Don’t Take Delight In Others Misery

I used to subscribe to the news feed for Business Insider.  I always felt that they had a good staff of writers from multiple sources that gave a good feed for the economy, business, and money related issues.  I referenced them here on Money Beagle more than a few times.

But, I recently unsubscribed and will no longer be reading, because of a pattern that I felt was too common and too disturbing:

Too many of their writers are taking glee in the recent rash of economic news, most notably the European debt crisis, the stock market downturn, and the potential for a second recession.

These are all very real problems, and I’m not suggesting for a second that they should be reporting false information or even suppressing information.  That would be disingenuous.

Where I have a problem is when their authors consistently include things along the lines of:
“Markets down 200. SELL SELL SELL.”
“Technical support broken, time to PANIC.”

The bottom line is that the vast majority of Americans are losing market in this stock market.  Many of us have done the right thing and have opened IRA accounts, 401(k) accounts, or other accounts to save for the future.  Watching those balances go down day in and day out is bad enough, but it’s a kick in the face for writers to take glee in this.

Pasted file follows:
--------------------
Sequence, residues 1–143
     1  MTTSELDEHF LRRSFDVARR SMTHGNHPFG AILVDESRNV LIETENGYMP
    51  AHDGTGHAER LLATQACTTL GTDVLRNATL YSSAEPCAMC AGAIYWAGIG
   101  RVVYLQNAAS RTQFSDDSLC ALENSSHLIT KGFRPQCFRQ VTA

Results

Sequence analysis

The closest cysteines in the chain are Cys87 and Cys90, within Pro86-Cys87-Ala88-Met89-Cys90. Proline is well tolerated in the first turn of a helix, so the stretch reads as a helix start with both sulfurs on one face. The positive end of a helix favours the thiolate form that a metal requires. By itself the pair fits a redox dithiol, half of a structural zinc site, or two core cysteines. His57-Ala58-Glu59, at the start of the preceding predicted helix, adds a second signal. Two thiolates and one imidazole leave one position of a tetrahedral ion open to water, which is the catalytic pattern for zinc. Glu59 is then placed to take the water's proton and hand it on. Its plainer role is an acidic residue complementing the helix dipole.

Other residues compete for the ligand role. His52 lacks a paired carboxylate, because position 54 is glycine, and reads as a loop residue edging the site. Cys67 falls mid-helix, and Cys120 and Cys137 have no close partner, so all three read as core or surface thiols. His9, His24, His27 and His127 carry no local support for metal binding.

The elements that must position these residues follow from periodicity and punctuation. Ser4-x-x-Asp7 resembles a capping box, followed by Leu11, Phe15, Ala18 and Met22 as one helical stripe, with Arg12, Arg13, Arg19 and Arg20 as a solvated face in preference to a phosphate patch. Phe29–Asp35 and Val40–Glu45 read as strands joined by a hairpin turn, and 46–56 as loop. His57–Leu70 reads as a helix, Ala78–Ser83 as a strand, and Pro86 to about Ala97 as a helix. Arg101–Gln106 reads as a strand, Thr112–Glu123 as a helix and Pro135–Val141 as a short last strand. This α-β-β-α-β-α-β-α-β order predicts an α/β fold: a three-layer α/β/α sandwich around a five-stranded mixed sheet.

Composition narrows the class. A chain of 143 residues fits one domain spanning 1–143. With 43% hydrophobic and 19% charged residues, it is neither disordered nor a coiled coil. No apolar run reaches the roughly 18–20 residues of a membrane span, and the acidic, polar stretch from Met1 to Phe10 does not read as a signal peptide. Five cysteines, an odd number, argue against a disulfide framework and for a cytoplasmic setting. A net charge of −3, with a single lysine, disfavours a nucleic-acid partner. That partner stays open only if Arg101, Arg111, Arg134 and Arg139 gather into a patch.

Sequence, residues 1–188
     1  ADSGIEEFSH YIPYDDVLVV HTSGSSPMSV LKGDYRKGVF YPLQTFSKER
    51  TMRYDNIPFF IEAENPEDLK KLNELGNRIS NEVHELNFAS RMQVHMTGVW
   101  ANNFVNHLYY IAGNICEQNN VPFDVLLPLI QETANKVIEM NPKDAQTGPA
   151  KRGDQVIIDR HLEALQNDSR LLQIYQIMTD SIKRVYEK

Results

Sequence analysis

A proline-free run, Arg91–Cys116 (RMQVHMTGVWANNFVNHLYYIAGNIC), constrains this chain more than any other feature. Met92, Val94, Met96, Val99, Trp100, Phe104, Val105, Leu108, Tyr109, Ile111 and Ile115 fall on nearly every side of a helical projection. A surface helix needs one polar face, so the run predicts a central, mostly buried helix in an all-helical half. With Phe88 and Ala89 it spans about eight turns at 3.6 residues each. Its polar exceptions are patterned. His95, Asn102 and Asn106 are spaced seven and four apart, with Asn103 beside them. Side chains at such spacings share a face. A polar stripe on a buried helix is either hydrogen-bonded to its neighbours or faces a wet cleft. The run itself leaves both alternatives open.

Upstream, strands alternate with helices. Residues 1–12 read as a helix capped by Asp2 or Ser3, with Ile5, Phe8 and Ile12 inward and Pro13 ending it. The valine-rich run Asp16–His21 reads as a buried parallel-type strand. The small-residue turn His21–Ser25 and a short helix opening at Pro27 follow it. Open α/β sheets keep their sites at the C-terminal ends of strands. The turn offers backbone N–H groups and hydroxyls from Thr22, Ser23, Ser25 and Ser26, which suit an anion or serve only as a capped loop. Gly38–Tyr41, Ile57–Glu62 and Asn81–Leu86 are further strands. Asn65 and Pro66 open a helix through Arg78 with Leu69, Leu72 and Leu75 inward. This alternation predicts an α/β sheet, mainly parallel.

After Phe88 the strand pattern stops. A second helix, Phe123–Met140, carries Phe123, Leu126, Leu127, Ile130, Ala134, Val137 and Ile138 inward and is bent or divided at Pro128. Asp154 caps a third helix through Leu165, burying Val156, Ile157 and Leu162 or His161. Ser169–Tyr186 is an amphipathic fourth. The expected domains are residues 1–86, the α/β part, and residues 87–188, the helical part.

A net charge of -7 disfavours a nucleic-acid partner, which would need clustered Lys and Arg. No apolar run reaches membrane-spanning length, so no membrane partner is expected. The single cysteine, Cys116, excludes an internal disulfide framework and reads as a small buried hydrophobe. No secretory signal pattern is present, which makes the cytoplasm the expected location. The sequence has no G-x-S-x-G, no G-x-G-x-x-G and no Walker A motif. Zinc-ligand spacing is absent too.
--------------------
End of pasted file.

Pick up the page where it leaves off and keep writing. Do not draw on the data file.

The Internet has opened the door for many more voices to be heard.  In the case of Business Insider, that’s proving that it may not always be such a good thing.

So, for those of you who write in a public manner, I implore you, even if you’re right about something, please don’t rub it in.  There’s no call for taking delight in someone’s misery.

Copyright 2017 Original content authorized only to appear on Money Beagle. Please subscribe via RSS, follow me on Twitter, Facebook, or receive e-mail updates. Thank you for reading.

What Bills Do You Auto-Pay?

We use auto-pay for a majority of our bills.   Here’s a run-down of bills we have on auto-pay:

  •  Mortgage – We can adjust this a few days before the payment comes out if we have any extra income to apply.  Easy!
  • Student Loans – This comes out on the 20th of every month.  If we have any extra payments, I send those through Internet Bill Pay (our bank sends them a check) as their system is not as easy to modify the payment.